Last night I returned from the Berkshire Hathaway annual meeting. Hearing the most successful investor in the world speak about hundreds of topics was an amazing experience; I recommend it to anyone who has the opportunity. Buffett is, of course, one of a kind and there will probably never be another investor quite like him, but that doesn’t mean the rest of us should give up and accept the poor returns of many large mutual funds. Buffett himself has said that emotional stability, a favorable temperament, is the most important key to investing success, not a high IQ. This is good news.
Buffett spoke to this topic in particular at the annual meeting and he said one thing I’ve heard him say a few times before: if he were going to teach people how to invest there would be two courses, how to think about the market and how to value a business. The introductory concepts to each of these imaginary courses are presented in chapter 8 and chapter 20 of Benjamin Graham’s The Intelligent Investor.
In chapter 8 the reader is introduced to the ignominious Mr. Market. Buffett says this chapter is the most important thing he has ever read about in his life. Mr. Market is to be thought of as an occasional drunk or mentally ill business partner. Sometimes he is feeling euphoric and will only sell you his shares of the businesses at a high price, and sometimes he has fallen off the wagon (again) and is willing to unload businesses at a substantial discount. The trick is to take advantage of him, not to mimic his moods. Taking advantage of a mentally ill Mr. Market sounds a little bit exploitative, but be honest with yourself–it sounds fun, too.
While this seems easy, it is very challenging in practice because we are all hardwired to follow the herd. Even as my father-in-law and I were rushing through the Centurylink Convention Center (where the Berkshire meeting is held) on our way to find our seats, we found ourselves saying “let’s go this way, that’s where everyone else is going.” A lot of that behavior came from not knowing what we were doing and the irony at following the crowd was pretty thick given that we were there to glean wisdom from one of the world’s foremost contrarians. I couldn’t help but think that the market often functions exactly like a crowd rushing to find their seats. There is a major difference between seat selection and investing though; if you make a wrong seat selection you can still see the entire event, if you make a bad enough investment decision your retirement is gone (maybe not gone, but I had to add a little drama). In most cases there is safety in numbers and comfort in consensus. In the stock market, however, the consensus is often wrong, therefore, if you’ve followed along, so are you.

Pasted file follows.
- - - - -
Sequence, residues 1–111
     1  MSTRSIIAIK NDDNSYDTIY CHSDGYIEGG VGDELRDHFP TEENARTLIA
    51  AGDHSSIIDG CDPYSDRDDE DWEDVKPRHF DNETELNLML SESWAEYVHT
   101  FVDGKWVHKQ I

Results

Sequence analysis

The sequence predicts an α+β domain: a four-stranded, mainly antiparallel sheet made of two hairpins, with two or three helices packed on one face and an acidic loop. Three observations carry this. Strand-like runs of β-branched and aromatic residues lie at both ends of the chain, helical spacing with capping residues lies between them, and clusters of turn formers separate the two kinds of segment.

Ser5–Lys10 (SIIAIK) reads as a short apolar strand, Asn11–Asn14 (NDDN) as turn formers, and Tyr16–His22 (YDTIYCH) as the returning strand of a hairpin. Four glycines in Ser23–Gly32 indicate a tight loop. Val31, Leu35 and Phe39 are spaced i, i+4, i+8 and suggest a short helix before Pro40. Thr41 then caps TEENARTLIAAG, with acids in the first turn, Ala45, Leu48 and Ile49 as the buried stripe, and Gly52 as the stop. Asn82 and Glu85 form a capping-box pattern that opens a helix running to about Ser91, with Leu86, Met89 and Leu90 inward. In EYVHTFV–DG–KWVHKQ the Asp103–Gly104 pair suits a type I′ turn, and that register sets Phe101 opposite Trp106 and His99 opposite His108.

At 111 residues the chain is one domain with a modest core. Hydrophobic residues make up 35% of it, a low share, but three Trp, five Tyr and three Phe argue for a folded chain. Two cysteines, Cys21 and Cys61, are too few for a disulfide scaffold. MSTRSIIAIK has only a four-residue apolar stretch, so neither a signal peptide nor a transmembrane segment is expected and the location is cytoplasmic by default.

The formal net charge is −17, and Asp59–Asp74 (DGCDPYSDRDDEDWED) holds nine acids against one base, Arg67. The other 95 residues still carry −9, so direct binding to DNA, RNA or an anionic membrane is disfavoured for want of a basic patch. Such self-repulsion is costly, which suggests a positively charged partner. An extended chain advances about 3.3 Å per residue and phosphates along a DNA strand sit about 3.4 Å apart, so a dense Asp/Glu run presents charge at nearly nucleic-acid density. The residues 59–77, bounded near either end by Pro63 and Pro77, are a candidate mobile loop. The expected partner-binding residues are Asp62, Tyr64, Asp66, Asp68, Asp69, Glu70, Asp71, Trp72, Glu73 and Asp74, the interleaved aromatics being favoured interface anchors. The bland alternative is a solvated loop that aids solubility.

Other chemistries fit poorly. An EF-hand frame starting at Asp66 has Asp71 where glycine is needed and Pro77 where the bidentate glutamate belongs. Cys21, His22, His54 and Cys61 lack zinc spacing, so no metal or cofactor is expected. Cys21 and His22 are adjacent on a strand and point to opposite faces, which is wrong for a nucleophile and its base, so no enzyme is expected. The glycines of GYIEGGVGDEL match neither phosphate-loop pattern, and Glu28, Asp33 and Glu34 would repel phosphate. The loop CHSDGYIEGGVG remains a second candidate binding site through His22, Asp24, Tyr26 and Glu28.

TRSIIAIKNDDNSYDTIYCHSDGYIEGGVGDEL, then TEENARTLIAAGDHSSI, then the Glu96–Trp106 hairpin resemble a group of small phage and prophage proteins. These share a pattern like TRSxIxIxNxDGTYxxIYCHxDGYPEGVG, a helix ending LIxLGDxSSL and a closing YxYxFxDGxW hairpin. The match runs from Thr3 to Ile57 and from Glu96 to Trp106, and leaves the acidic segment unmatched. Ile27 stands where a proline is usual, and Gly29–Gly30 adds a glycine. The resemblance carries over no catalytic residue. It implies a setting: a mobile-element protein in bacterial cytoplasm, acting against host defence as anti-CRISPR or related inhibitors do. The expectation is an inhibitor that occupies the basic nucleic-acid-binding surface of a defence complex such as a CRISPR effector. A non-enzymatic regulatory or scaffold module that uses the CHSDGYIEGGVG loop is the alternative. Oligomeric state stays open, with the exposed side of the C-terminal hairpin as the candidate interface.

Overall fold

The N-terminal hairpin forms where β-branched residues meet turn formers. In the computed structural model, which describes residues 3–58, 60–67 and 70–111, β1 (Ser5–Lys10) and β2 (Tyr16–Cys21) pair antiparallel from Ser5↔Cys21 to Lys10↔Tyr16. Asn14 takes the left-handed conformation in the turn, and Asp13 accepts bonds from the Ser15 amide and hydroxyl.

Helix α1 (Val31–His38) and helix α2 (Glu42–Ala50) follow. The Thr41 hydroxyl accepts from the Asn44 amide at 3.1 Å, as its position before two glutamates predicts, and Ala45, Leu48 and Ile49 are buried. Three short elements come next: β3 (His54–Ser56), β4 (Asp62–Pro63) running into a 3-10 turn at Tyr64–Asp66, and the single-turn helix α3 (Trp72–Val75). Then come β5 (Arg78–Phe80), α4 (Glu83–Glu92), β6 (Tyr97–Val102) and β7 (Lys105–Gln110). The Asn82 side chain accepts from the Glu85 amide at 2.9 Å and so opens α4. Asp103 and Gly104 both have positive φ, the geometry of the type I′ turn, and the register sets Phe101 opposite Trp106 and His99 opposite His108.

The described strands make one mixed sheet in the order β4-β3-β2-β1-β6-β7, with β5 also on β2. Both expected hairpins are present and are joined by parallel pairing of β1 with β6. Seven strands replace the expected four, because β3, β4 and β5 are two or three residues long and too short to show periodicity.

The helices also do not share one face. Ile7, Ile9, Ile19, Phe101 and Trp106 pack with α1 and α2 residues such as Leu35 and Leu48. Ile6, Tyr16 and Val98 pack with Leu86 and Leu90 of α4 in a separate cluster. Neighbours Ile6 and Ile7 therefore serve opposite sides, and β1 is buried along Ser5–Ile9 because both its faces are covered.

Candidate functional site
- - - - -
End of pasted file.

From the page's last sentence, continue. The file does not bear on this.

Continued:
Joel Greenblatt, in his book “The Big Secret for the Small Investor” explains that the best performing mutual fund of the last decade compounded at an incredible 18% per year. However, the average investor in that fund lost 11%. How can that be? Remember the saying “buy low, sell high?” It turns out the average investor does just the opposite. (See the Wall Street Journal article here.) This behavior is not unique to this mutual fund either; almost every stock fund sees inflows of money after a period of outperformance and outflows after a period of underperformance. Deduct the fees that the average mutual fund charges and you have the unmistakable disappointment of very low returns.
So don’t do it! Benjamin Graham once said something to the effect of, “an investor’s biggest enemy is likely to be himself.” It follows that if you remain disciplined through Mr. Market’s highs and tantrums you will have eliminated the largest obstacle standing between you and good returns.
How can it be done? There are two ways. You can either be born with a favorable disposition, disinclined to follow the crowd, or develop an understanding of investment principles sufficient that your rationality can overcome your tendency to get your lemming on. I can’t do anything for you on the former; this blog is hopefully a resource to those interested in the latter.